Eyes are wondrous things. In theory, assuming they’re functioning properly, they show each us the same image from whichever canvas we happen to be standing in front of at any particular time.
But something strange happens when light particles flow through those corneas; swirling, curving, and eventually taking form… all in far less than, well, the blink of an eye. The images which materialise should be the same as those being viewed by the person/s next to us, but that isn’t always the case. Here’s a thought-provoking line I just read.
The eyes look, but the brain sees.
Like a sculptor, each of our brains mould those light rays to create details that might be unique to us. Basically, we all see things differently. Which is why one person might consider some of Lisbon’s streets to be grungy, messy, ugly… “ramshackle and broken places” as one less than enamoured writer put it, unimpressed with the vision of dirty streets and crude street art the light particles created in their mind.
Where they see squalor and a depressed urban landscape in some raggedy streets and obscure alleys, I see a raw, gritty, honest beauty – a down to earth yin to the yang of the city’s grand architecture. This Jekyll and Hyde character partly makes Lisbon the compelling city it is. It is an essential aspect of its nature. This is, after all, the city of the count and the prostitute.
This IS Lisbon
If one work of urban art encapsulates Lisbon, it is the mural of the Escadinhas de São Cristóvão in the Mouraria district. The calçada steps are grubby and crude graffiti blends with more artistic images on the mouldy walls lining the stairs. And it all works because these gritty stairs are partly what Lisbon is all about. The mural, created by a group of local artists, illustrates the richness of these labyrinthine neighbourhoods. Saudade wasn’t born in the city’s more immaculate neighbourhoods with their elegant town houses. It was a product of these not so mean streets.
I have mixed feelings about the ‘customisation’ of Lisbon’s funiculars. It’s hard not to view the ‘artwork’ which masks the customary yellow surfaces as just vandalism, especially when compared and contrasted with the truly artistic, and sanctioned, street art which decorates part of the Ascensor da Glória route. But it is something you come to subliminally accept as part of the urban Lisbon landscape. The debased carriages create a mental image of what Sol Yurick’s New York superimposed on a classical European city might look like.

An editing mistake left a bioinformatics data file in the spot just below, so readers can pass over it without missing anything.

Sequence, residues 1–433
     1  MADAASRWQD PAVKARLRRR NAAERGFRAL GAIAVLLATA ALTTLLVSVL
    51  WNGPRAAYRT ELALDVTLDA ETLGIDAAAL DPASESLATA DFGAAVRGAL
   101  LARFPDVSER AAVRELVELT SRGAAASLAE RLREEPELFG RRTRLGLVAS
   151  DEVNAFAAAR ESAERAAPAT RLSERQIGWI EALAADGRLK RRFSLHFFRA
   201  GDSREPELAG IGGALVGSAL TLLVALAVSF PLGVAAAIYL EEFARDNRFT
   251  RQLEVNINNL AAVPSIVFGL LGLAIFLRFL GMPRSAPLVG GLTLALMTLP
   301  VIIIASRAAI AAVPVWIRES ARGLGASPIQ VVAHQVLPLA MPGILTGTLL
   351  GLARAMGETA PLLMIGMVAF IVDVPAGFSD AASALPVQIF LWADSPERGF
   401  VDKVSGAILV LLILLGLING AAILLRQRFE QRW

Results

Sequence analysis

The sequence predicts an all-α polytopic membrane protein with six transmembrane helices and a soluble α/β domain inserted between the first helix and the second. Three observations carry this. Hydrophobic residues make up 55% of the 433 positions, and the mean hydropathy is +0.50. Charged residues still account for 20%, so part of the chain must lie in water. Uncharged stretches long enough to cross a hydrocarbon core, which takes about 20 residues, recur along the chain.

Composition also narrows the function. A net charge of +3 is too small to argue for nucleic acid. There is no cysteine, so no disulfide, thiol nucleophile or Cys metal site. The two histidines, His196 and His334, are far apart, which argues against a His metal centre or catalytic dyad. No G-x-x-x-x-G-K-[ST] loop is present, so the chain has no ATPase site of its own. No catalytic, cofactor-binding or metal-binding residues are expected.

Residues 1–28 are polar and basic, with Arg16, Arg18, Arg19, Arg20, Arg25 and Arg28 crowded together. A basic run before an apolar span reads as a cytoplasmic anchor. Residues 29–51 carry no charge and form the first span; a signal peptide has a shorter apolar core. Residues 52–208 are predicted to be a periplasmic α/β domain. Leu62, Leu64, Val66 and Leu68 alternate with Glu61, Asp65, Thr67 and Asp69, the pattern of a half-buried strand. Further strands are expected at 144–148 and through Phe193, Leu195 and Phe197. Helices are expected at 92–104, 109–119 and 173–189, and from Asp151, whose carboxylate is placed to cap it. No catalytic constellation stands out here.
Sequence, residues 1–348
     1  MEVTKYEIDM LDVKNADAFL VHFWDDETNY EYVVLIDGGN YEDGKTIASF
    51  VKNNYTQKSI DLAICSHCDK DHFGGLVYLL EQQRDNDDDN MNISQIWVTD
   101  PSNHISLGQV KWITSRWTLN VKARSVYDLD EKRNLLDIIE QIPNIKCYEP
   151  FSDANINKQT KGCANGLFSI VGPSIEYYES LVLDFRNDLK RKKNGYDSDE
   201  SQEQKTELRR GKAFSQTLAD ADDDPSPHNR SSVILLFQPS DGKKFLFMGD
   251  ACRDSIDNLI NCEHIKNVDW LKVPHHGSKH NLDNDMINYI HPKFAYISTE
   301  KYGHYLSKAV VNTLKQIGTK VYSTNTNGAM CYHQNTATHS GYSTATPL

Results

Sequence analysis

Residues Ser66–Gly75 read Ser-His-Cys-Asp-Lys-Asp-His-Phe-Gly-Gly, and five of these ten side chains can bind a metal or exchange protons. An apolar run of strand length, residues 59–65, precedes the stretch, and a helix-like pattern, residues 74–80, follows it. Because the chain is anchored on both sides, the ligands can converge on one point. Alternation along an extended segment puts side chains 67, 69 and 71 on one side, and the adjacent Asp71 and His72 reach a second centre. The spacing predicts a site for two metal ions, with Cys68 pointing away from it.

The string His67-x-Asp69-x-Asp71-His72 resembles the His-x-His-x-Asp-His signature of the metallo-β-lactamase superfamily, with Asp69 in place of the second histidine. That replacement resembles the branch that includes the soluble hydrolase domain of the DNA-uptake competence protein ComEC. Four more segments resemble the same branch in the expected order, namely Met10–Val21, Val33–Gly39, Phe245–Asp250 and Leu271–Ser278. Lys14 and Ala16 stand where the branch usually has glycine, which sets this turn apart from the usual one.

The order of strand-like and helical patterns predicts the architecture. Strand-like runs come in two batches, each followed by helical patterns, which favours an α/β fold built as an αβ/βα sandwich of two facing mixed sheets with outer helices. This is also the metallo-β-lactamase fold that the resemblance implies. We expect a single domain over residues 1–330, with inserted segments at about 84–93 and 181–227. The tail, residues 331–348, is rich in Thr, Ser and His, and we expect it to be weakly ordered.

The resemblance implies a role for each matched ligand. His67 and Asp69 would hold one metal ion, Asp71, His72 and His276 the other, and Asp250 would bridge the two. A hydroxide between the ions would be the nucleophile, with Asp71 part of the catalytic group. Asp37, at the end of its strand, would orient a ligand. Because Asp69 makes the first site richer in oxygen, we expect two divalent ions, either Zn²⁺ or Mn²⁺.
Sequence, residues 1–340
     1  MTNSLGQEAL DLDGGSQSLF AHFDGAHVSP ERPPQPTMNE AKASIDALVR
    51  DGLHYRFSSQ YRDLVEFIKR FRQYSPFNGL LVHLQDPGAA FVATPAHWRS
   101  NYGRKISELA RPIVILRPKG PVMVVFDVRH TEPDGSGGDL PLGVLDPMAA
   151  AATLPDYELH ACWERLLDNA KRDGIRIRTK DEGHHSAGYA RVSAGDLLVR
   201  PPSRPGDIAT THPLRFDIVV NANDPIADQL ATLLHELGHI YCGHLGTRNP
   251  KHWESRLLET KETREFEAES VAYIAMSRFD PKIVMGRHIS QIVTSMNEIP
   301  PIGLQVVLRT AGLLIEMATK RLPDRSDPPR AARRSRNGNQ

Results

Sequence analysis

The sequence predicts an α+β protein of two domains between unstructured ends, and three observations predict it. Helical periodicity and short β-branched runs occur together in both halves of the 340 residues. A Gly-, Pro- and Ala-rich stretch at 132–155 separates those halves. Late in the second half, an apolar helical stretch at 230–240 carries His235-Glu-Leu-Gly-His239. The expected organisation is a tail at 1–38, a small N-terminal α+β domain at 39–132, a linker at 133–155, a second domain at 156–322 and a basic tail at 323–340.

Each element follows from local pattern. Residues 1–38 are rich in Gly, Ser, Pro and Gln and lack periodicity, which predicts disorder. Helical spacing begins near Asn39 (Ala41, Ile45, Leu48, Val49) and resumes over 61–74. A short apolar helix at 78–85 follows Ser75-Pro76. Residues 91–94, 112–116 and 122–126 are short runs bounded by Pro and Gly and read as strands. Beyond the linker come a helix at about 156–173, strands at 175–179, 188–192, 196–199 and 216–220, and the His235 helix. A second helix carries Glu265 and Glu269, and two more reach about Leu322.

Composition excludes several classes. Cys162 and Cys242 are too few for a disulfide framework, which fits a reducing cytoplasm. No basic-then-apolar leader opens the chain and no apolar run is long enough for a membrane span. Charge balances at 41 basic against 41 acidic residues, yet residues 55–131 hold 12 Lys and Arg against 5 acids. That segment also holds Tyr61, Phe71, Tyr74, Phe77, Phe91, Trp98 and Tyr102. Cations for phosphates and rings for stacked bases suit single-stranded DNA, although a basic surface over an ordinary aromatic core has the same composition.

Remove the shackles
Sometimes you have to look beyond the superficial simplicity of scrawled graffiti. There is poetry and political expression everywhere. Even the most primitive illustration may give some insight into the city’s past and present.
There’s a definite Alice Through the Looking Glass vibe about the gable end artwork which completely distracts from the seriousness of the scenes outside São Bento Palace, the seat of the Portuguese Parliament. It might look whimsical, almost as though the giant face is winking knowingly at pomp and circumstance. But in fact the face, by a Portuguese Banksy known as Drawing Jesus, is another comment on Lisbon’s personality – its features represent an amalgamation of Europe, Asia, and Africa.
Some of the street artwork is quite hauntingly beautiful. Saudade flows from this image on the fringes of the Alfama district. Its soft-focus lines lend it an almost ghostly appearance – possibly it’s a former fadista gazing mournfully along streets through which her melancholic songs were once respectfully carried aloft in the breeze.
In a few neighbourhoods, local characters are immortalised in evocative black and white prints on walls. It’s a celebration of working life in the city, of the people who are and have been its beating heart. They act as a pictorial storyboard, telling tales of recent social history, turning the down-to-earth streets into a living museum, albeit one whose walls have peeling plaster.
Art in the maze
Rich pickings are to be found on the walls of the largos, travessas and becos of the Alfama district. These range from sophisticated imagery and abstract art to traditional tiles, many referencing fado. My favourites show depictions of the count and Maria Severa. These images feature on postcards in Lisbon’s tourist shops. There’s often a slight adjustment to this one on cards; the count tends to be wearing stilettos – fado castico (chaotic fado).
The sheer volume of graffiti on Lisbon’s streets might be too much for some, but this is no pristine theme park designed purely for the pleasure of a transient population. Buildings with walls of peeling plaster and gritty art are as much a part of the city as the elegantly exquisite architecture. Yin or yang, princes or prostitutes? Which you see depends on what happens when those light particles take shape in your mind.